DOES YOUR CHILD NEED HELP?

by Phyllis L. Neumann, MS, MFT

Now that school has begun, and it's still early in the year, this is a good time to look your child over to see how he or she is doing, and what problems may be showing up.

Generally speaking, a family is an integrated system. When one family member is under stress it is reflected in the lives of the others everyone in the family is touched in some way. If your family is having problems, such as friction or fighting between parents, financial worries, job insecurities, or problems that are alcohol- or drug-related, the children in the family will tend to reflect these problems through their behavior.

Unlike adults, who have had years of practice in appearing socially acceptable, a child's stress is more externally visible and symptoms are not as well camouflaged. Behavioral indicators on the outside reveal the underlying emotional stress on the inside. Some children may withdraw and hide, while others may act out behaviorally. Some children may even become exceptionally helpful and super-responsible, taking over much of the parent's role, such as caring for younger siblings, cleaning the house and other household chores.

Emotional problems in children are most often reflected in school performance and in social relationships. Children will tend to have a hard time focusing on their work in class. They may become bored, distracted, frustrated, disinterested, or even forgetful - or they may become behavior problems. On the playground they may get into frequent fights, pick on younger children or become victims of teasing or bullying themselves. They may choose friends that may not seem appropriate for them, and who may join them in antisocial behavior.

Signs of Emotional Stress

It's important to be alert for the signs of stress both at home and at school. In general, children under emotional stress tend to call attention to themselves in some way. They may exhibit behavior that is too loud or boisterous, too quiet, too disruptive or even "too good." These children are displaying signs of emotional stress, and their problems should be taken seriously and evaluated further.

Children under emotional stress may:

  • look angry or depressed much of the time, seldom smiling or laughing.
  • become behavioral problems, lashing out and being generally disobedient or defiant.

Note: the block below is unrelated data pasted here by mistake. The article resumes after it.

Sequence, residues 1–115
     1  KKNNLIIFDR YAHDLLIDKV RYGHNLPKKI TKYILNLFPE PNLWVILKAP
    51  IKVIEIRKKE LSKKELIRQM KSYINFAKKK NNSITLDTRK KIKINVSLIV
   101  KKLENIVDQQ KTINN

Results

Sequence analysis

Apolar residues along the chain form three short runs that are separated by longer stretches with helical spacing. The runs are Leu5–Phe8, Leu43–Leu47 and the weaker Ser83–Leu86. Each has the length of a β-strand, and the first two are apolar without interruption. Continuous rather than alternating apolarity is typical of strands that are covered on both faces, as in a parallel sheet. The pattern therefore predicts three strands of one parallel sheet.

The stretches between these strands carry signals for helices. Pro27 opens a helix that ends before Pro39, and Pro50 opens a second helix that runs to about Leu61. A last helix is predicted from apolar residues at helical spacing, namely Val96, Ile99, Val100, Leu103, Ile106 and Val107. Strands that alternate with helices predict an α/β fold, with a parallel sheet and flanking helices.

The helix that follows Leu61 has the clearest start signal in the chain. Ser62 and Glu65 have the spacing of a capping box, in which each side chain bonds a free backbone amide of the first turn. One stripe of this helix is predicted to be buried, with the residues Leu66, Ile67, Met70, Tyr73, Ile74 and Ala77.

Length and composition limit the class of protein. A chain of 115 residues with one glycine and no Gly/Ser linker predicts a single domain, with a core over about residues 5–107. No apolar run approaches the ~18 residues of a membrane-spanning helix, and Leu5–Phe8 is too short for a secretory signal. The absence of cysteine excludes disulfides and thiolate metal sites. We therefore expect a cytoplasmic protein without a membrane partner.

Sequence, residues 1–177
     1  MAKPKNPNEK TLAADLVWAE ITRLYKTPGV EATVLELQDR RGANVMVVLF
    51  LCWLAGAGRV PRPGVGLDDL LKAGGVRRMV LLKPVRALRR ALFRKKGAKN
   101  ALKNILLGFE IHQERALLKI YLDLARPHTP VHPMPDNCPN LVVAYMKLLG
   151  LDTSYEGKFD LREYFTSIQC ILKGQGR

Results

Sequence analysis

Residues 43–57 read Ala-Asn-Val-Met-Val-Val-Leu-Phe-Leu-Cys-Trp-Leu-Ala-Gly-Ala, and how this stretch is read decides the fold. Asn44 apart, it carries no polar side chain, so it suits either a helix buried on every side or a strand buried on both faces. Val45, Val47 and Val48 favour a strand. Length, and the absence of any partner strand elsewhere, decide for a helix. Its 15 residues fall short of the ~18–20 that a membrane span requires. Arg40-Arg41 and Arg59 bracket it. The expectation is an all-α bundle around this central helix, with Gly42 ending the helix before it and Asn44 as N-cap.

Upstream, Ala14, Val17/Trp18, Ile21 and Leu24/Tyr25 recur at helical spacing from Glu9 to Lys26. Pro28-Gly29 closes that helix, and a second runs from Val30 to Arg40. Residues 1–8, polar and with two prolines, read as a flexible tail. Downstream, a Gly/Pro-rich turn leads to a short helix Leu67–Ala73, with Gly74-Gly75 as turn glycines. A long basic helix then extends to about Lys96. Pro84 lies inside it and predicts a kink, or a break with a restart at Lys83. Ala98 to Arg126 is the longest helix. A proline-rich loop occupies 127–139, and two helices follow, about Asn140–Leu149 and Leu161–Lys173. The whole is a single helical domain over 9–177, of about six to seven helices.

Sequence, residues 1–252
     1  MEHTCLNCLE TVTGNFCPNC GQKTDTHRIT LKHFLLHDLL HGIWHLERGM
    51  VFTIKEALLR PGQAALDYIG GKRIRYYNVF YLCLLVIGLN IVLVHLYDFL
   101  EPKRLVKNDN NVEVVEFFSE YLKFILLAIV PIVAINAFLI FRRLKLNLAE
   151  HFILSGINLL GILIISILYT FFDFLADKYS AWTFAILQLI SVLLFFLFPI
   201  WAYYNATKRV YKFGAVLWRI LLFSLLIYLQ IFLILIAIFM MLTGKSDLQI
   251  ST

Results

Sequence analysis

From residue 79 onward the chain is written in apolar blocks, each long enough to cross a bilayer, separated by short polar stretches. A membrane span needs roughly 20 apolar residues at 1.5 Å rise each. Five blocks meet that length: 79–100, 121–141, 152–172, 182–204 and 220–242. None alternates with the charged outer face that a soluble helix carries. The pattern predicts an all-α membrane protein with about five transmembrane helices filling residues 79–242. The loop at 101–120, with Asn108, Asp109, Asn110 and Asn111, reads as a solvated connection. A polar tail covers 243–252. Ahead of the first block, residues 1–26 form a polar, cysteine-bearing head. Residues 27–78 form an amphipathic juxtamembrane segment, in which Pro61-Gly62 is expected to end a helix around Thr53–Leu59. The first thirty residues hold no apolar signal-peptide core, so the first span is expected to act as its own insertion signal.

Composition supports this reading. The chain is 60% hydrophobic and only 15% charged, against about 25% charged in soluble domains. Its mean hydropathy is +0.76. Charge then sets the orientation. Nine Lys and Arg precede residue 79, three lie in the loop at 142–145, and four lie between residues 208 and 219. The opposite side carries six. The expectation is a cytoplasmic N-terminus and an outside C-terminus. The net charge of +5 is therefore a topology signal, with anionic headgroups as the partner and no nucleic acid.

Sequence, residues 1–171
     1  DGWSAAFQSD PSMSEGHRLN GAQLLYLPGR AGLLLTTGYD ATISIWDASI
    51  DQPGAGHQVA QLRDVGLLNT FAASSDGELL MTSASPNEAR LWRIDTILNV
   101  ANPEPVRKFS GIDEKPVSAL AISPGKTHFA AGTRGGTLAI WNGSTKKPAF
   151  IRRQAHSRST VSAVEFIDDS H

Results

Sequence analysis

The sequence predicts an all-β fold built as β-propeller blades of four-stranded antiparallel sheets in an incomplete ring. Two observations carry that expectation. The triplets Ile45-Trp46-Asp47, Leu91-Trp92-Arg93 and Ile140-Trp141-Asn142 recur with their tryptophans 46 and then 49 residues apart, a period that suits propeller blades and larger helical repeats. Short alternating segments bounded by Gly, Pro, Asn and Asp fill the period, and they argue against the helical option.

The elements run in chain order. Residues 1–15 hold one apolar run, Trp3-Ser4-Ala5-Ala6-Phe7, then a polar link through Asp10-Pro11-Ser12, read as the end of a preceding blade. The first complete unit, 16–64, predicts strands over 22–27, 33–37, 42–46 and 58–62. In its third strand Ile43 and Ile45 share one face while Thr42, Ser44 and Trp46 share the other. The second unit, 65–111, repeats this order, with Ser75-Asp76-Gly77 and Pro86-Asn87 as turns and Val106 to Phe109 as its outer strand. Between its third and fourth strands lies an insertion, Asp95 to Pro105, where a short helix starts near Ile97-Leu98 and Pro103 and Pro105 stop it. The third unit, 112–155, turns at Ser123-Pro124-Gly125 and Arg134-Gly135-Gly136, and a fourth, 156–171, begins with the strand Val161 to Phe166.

• become inattentive, tending to "space" out and daydream a good part of the day.
  • appear lethargic and tired, and may sleep a lot more than is physically required.
  • get into frequent fights with siblings or other children. They may bully or hurt younger children or animals, or become the butt of ridicule or abuse themselves.
  • isolate themselves from other children, often preferring to play by themselves. They might lock themselves in their room for hours at a time, sleeping, reading or playing computer games.

Treatment for Children

Children under emotional stress need a place to deal with their feelings.

  • School counselors offer a good place to begin further evaluation. They will talk to the child and parents, find out the source of the problem, and help resolve the conflict or recommend alternatives.
  • Play therapy and sand play are forms of counseling in which the child is able to express his or her feelings through the use of toys, rather than verbally talking about his feelings the way adults do.
  • Family counseling looks at the entire family system. The whole family participates in the counseling session together. Everyone shares with each other how they are feeling and gets support for their feelings.

It is important to deal with the child's problem as soon as it is recognized. The younger you can get the child into treatment, the faster the results. As the child grows, he becomes more skilled and more sophisticated in hiding his feelings, and treatment often takes longer. Now is a good time to check out how your children are doing and, if necessary, to take action.

Published in the Half Moon Bay Review on September 12, 2007

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